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Canela_TeaSnacks.jpeg Canela Bistro & Wine Bar
Canela Bistro & Wine Bar is sharing on social media its $25 Tea and Snacks offer to draw in more crowds.

As traffic increases between lunch and dinner restaurants offer smaller treats for customers

Operators focus on mid-afternoon snacks as a new daypart emerges

With more people staying at home due to the pandemic, eating schedules have shifted away from traditional lunch and dinner hours toward more mid-afternoon snacking.

According to a new report from YipitData, the period between lunch and dinner has been growing quickly since the onset of COVID-19. The report, Food Delivery Insights: Virtual Kitchens, Alternative Meats and Daypart Shifts, said the biggest shift in food delivery has been “more ordering in the mid-afternoon daypart [between 2 p.m. and 5 p.m.], as customers appear to be spreading out their meals across a larger time frame.”

Mid-afternoon delights

Whether takeout, delivery or outdoor dining, restaurants of all kinds are addressing consumers’ new afternoon snack habits, often with simple, quick-cooking, affordable and high-flavor items.

“People are working from home and need a break from the house, so a little snack and a walk in the afternoon is a perfect pick-me-up to get through the day,” said Jen Biesty, chef and co-owner of Shakewell in Oakland, Calif.

The Mediterranean restaurant has seen a recent uptick in snack sales in the afternoon, including Spanish Marcona almonds, $4, marinated olives, $5, ham croquettes with roasted poblano pepper sauce, $11, and papas bravas, or roasted potatoes, with a piquillo pepper sauce, $10.


The Psychadilly Grilly, a grilled cheese and mushroom sandwich, from Snacktacular, a new snack delivery concept in Denver.

Biesty said she expects to see further interest in afternoon snacking with the reopening of the restaurant’s outdoor patio in early September.

“I think we will be busy at 3:30, when we open, with people wanting a little pick-me-up snack and drink,” Biesty said. “As they say in Spain, eat and drink a little bit, [but] often, buen provecho!”

Similarly, Canela Bistro & Wine Bar, a San Francisco destination for tapas, has seen a growing number of guests visit its outdoor dining room in the afternoon.

“People are tired of being at home and they aren’t going into the office that much, so they are looking for a distraction,” said Mat Schuster, chef and owner of Canela. “Also, it's less formal and less expensive than dinner.”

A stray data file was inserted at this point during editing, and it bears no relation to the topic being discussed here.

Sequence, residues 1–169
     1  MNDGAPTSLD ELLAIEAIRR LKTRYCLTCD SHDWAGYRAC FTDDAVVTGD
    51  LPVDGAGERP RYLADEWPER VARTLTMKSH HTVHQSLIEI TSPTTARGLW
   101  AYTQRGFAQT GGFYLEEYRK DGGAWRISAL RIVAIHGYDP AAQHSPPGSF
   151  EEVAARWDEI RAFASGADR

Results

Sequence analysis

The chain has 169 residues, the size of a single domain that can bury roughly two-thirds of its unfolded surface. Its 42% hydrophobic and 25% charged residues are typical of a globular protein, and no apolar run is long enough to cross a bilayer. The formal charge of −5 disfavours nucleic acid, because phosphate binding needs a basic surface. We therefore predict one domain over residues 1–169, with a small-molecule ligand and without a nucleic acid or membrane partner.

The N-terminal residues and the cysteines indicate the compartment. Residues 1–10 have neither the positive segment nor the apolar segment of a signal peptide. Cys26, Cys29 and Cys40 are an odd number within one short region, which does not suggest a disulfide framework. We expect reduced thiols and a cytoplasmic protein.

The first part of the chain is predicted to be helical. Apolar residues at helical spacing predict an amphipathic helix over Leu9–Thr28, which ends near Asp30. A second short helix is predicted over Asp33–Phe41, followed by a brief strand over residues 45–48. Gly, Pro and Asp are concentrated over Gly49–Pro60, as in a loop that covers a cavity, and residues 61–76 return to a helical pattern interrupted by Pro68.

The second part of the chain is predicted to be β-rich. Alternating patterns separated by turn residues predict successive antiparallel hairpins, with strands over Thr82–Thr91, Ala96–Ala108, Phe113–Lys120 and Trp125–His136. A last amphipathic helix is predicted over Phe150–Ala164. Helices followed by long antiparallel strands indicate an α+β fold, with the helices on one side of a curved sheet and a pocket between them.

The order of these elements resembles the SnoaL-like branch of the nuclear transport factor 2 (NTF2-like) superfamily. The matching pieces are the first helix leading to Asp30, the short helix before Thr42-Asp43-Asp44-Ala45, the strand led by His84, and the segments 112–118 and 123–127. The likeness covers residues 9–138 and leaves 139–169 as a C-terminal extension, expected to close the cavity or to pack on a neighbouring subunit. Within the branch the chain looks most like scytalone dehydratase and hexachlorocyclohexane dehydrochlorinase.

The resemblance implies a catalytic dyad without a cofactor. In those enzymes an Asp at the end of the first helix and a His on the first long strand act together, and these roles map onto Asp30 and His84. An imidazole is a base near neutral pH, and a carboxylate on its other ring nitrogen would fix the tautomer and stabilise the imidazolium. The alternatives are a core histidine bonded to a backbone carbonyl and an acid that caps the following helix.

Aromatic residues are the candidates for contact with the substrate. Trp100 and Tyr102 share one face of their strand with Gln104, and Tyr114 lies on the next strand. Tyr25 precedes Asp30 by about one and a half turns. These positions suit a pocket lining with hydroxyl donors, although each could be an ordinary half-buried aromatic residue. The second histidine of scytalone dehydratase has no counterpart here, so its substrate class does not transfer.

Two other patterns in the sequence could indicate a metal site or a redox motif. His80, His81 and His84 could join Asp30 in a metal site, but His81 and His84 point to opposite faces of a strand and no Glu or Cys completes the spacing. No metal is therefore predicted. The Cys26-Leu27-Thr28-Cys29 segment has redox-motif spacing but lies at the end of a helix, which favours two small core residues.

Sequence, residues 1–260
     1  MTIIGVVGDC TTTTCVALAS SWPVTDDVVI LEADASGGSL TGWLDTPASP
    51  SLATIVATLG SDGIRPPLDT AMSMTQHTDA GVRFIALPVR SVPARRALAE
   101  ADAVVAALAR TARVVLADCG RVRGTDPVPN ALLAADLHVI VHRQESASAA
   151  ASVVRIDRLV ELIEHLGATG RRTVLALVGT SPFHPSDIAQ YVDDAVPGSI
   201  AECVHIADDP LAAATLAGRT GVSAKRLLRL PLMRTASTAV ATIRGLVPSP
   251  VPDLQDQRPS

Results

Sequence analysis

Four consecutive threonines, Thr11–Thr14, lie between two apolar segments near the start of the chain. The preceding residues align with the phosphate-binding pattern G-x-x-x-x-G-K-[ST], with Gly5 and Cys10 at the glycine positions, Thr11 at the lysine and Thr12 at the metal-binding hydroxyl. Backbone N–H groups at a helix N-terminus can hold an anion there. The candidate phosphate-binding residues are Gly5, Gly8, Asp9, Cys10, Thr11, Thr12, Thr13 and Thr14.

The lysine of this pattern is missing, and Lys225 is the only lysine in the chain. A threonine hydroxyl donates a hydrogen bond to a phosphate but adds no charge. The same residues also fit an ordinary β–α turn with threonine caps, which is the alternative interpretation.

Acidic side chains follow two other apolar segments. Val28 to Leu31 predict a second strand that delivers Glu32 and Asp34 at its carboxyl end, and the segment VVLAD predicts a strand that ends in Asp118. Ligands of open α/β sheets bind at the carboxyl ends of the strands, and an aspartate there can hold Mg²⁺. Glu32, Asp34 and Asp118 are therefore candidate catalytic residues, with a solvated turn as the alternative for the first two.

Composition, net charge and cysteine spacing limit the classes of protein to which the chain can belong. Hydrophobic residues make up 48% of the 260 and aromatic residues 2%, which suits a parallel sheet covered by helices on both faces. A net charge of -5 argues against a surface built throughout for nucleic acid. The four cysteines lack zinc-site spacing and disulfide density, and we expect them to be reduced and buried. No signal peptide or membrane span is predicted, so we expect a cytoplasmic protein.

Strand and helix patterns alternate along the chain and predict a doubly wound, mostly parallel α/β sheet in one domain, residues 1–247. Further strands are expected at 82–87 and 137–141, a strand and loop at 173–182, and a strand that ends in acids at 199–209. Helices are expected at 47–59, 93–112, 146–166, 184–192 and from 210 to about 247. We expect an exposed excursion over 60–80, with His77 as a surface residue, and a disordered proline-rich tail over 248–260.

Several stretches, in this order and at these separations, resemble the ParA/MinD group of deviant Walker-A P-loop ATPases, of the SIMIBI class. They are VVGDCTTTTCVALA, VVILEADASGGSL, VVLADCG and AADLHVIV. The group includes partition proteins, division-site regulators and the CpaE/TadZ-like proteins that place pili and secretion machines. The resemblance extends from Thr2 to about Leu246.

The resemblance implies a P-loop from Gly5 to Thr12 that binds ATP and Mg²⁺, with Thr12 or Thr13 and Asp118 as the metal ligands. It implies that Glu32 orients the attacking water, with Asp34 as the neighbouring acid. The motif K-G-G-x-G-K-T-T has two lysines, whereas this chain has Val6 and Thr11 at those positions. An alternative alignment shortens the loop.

Among Canela’s best-sellers are savory bites that go with wine, like flash-fried shishito peppers, which come in orders of $10 and $20, and Spanish ham croquettes in orders of $13 to $26. 

To lure mid-day snackers, the restaurant is sharing on social media its $25 Tea and Snacks offer, which includes a choice of a beverage, such as tea or espresso, and four snacks, such as bacon-wrapped dates stuffed with cheese, small sandwiches called montaditos with Serrano ham and fig jam, an East European style of biscotti called mandel bread, and mini cinnamon and sugar churro bites with chocolate.

Snacky appetizers that pair well with the beer are the big afternoon attraction at Brick Store Pub in Decatur, Ga.

The neighborhood gastropub has seen an uptick in afternoon snack and happy-hour traffic of late. During those hours the two biggest sellers are the $7 grit cakes with sausage, a Bavarian pretzel with pimento cheese for $4 and, of course, beer.

New deals

While many restaurants are seeing increased snack traffic with existing menu items, others are launching new menus specifically designed to attract the growing number of consumers inclined to eat in the afternoon.

Las Vegas-based restaurant chain Farmer Boys is offering No Brainer Deals, a menu of quick-cooking and affordable afternoon items.

“Our new No Brainer Deals menu items are intended as snacks, light meals, and as options to sample a little bit of everything we have to offer at Farmer Boys,” said Larry Rusinko, the chain’s vice president and chief marketing officer.

Farmer Boys Farmer_French_Toast_Sticks.jpg

French Toast Dippers are among the new No Brainer Deals at Farmer Boys.

It’s the first time the fast-casual burger concept is offering a combination of small-bite menu items designed to be “affordable, fast, and delicious,” Rusinko said.

Among the eight new offerings are portable items such as a bacon, egg and cheese muffin, $3; Crispy French Toast Dippers, $3; Jr. Cheeseburger, $3; and Fried Chicken Dippers, $3.25.

Denver-based Snacktacular is a new delivery-only concept specifically targeted at people working from home and craving affordable foods that can be eaten as a light snack, a complete meal or munched on over the course of the day or night.

“I feel the definition of a snack has evolved over a simple bag of chips or French Fries,” said Snacktacular co-founder Lex Mendez. “A snack can mean bringing a whole pizza [home] and, well, snacking on it all night.”

Snacktacular, which launched on Sept. 7, offers a selection of elevated street foods that “You can eat at the dinner table, coffee table, or wherever you eat,” Mendez said,

The inaugural menu includes items such the Psychadilly Grilly, a grilled cheese sandwich with teriyaki-red wine sautéed mushrooms on purple bread made with ube; a chorizo gravy calzone with Mexican queso; and plate lunches, a Hawaiian version of bento boxes, with choices of chicken, skirt steak or ahi tuna served with sides such as macaroni salad made with bits of nori seaweed. All items are priced under $12 and are available for delivery Monday through Friday, 10 a.m. to 2 p.m.

“We’re offering something new and kind of fun that’s not just pizza or Chinese,” said Mendez. “You don’t have to be a big baller to enjoy a good meal.”

Correction: September 21, 2020
An error in the location of Snacktacular's headquarters has been corrected.
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